Objectives: Hunger is associated with chronic poor health and may force patients to make choices that acutely impact their health. This study was conducted to determine the prevalence of hunger, some of the choices it forces, and its perceived health effects among emergency department (ED) patients. Methods: A validated survey about hunger, choosing between food and medicine, and perceived adverse health outcomes was administered in English, Spanish, and Somali to non-critically ill ED patients or their parents. Demographics, rates of hunger, numbers of yearly ED visits, and decisions between buying commodities or medications were assessed. Relationships between variables were summarized with odds ratios (ORs), 95% confidence intervals, and logistic regression. Results: Of 930 respondents, 23.7% screened positive for hunger and 17.6% bought food instead of medications. Among the hunger-positive respondents, 44% believed this choice caused illness, and of these, 69% sought ED assessment and 35% believed they were hospitalized because of this choice. Predictors of hunger were low income (OR = 3.3), illicit drug use (OR = 5.5), chronic illness (OR = 2.1), Hispanic ethnicity (OR = 1.9), and lack of insurance (OR = 1.8). Buying food instead of medicine was predicted by low income (OR = 2.5), chronic illness (OR = 2.4), and lack of insurance (OR = 3.4). Predictors of illness were chronic illness (OR = 1.8), lack of insurance (OR = 2.8), African American race (OR = 2.0), and "poor" health (OR = 1.9). Conclusions: These ED patients have high rates of hunger and often choose to buy food instead of medications. Many believe that this choice results in ED visits and hospitalizations. Socioeconomic factors may predict hunger and subsequent ill health.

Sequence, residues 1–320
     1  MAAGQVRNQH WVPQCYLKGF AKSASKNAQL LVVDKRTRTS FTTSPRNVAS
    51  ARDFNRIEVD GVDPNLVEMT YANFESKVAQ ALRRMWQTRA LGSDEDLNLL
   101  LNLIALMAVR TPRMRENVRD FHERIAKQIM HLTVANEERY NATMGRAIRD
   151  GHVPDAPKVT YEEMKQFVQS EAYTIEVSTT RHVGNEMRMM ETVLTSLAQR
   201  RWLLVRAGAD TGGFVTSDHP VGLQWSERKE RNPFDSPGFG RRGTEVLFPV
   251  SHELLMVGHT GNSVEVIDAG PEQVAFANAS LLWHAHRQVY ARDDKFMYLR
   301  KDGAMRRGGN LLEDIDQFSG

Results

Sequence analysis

- Emergency department
- Food insecurity